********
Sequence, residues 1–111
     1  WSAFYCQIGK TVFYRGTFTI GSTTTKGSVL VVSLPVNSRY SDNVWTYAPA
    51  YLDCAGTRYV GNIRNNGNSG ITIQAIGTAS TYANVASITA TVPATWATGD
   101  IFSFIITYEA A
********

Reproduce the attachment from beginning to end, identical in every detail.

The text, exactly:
Sequence, residues 1–111
     1  WSAFYCQIGK TVFYRGTFTI GSTTTKGSVL VVSLPVNSRY SDNVWTYAPA
    51  YLDCAGTRYV GNIRNNGNSG ITIQAIGTAS TYANVASITA TVPATWATGD
   101  IFSFIITYEA A